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Lesson for us ( 63 )
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Quotations from the writings of Ellen G. White with the phrase . . .
 
a  Lesson  for  us
Related phrase:   the lesson is for all  ( below )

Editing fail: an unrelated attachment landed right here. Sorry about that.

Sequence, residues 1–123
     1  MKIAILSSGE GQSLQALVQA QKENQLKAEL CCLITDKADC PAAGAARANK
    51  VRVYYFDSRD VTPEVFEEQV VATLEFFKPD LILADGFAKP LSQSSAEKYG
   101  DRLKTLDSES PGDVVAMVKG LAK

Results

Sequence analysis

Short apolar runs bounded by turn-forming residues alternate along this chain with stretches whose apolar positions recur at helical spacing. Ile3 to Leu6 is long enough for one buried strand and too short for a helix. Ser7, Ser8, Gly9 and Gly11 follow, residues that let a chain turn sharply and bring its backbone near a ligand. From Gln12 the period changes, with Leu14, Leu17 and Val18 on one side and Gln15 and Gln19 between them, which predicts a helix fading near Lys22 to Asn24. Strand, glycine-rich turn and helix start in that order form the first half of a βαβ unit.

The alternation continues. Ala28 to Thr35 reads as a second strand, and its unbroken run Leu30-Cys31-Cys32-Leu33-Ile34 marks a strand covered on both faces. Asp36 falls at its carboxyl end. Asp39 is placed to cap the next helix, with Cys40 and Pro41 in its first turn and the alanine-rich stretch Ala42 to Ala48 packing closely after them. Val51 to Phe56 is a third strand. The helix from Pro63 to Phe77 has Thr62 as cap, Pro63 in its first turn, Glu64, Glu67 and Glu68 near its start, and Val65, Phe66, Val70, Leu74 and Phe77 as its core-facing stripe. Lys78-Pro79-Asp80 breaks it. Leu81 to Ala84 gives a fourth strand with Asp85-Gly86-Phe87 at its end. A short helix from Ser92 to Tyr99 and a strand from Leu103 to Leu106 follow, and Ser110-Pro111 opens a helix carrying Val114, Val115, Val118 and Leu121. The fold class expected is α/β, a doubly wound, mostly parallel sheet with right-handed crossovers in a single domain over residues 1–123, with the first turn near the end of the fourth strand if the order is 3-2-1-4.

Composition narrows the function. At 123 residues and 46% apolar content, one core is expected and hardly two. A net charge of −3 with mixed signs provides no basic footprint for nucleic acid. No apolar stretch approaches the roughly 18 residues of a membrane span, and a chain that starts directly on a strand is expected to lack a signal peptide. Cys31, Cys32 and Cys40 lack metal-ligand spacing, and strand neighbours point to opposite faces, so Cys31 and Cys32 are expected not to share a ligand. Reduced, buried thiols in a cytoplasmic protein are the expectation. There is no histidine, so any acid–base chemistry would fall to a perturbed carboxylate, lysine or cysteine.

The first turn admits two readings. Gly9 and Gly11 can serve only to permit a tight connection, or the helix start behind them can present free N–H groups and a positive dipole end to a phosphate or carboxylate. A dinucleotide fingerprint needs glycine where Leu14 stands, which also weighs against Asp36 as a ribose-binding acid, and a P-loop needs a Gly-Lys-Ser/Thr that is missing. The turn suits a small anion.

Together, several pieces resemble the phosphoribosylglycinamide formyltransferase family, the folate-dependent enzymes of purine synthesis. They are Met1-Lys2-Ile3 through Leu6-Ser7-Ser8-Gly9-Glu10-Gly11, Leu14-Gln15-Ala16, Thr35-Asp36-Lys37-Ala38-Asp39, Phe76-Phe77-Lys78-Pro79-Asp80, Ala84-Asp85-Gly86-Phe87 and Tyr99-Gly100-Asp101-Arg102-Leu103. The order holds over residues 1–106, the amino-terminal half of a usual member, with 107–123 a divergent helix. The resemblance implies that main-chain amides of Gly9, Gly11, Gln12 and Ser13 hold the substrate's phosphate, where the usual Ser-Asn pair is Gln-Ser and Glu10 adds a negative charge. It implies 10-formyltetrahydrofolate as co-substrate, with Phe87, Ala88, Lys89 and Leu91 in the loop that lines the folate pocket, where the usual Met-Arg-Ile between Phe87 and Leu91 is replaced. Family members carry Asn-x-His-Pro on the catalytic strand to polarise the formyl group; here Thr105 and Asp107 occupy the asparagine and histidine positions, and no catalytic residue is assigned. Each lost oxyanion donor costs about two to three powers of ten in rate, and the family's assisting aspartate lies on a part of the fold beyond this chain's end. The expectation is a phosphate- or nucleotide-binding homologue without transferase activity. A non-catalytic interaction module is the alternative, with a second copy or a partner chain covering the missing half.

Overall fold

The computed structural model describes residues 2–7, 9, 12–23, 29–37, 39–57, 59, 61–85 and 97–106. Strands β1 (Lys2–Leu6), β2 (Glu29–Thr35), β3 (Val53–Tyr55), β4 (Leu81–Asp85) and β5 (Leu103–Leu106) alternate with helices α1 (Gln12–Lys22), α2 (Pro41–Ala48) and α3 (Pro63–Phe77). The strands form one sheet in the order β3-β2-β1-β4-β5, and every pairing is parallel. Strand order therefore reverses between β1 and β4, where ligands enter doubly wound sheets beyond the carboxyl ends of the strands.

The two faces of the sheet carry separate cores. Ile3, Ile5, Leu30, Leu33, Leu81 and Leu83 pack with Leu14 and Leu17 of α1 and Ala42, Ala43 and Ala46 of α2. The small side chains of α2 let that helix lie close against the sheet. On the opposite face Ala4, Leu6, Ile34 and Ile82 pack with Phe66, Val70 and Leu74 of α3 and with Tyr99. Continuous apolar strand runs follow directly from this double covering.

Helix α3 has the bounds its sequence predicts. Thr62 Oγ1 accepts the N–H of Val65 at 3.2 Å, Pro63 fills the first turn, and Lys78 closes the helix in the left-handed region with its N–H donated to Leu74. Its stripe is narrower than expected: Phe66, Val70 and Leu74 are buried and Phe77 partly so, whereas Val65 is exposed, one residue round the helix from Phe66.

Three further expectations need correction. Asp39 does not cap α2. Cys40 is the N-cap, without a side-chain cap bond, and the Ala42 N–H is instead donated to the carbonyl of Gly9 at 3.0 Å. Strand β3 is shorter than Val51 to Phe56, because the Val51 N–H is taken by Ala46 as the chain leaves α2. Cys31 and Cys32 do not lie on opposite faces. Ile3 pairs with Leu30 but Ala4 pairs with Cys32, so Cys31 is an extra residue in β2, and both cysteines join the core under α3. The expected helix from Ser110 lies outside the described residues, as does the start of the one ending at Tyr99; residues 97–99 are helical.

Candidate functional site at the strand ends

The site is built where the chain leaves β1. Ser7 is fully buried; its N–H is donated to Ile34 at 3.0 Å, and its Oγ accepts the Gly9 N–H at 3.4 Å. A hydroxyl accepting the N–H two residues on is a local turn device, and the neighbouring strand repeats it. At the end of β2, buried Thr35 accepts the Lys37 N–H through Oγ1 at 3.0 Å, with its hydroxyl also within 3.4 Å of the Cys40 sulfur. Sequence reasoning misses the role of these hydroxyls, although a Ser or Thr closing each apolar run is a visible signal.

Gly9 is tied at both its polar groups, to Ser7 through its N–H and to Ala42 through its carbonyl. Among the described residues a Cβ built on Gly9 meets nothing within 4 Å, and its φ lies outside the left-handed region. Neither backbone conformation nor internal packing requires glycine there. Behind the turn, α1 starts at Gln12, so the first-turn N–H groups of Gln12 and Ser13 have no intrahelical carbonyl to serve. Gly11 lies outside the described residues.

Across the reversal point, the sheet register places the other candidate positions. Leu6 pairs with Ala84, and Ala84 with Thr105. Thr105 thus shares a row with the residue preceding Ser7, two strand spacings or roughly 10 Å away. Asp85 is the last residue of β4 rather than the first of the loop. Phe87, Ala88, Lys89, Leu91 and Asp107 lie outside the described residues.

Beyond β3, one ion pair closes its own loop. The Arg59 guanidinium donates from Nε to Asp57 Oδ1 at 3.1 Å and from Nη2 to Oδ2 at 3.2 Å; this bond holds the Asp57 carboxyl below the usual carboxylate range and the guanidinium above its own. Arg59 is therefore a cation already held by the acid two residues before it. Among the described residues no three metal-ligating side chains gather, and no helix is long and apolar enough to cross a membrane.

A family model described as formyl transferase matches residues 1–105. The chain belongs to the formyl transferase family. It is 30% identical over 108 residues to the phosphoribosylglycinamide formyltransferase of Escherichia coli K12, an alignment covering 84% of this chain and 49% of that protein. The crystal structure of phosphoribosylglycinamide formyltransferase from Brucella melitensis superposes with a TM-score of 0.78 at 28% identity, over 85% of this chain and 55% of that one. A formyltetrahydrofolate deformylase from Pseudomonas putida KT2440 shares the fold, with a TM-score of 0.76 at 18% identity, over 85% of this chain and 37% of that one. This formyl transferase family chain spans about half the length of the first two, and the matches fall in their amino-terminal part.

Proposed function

The Hebrews now remembered how once before, when their forces had gone to battle, they had been routed, and thousands slain. But they had then gone in direct opposition to the command of God. They had gone out without Moses, God's appointed leader,without the cloudy pillar, the symbol of the divine presence, and without the ark. But now Moses was with them, strengthening their hearts with words of hope and faith; the Son of God, enshrined in the cloudy pillar, led the way; and the sacred ark accompanied the host. This experience has a lesson for us. The mighty God of Israel is our God. In Him we may trust, and if we obey His requirements He will work for us in as signal a manner as He did for His ancient people. Everyone who seeks to follow the path of duty will at times be assailed by doubt and unbelief. The way will sometimes be so barred by obstacles, apparently insurmountable, as to dishearten those who will yield to discouragement; but God is saying to such, Go forward. Do your duty at any cost. The difficulties that seem so formidable, that fill your soul with dread, will vanish as you move forward in the path of obedience, humbly trusting in God.   Patriarch and Prophets, page 437.2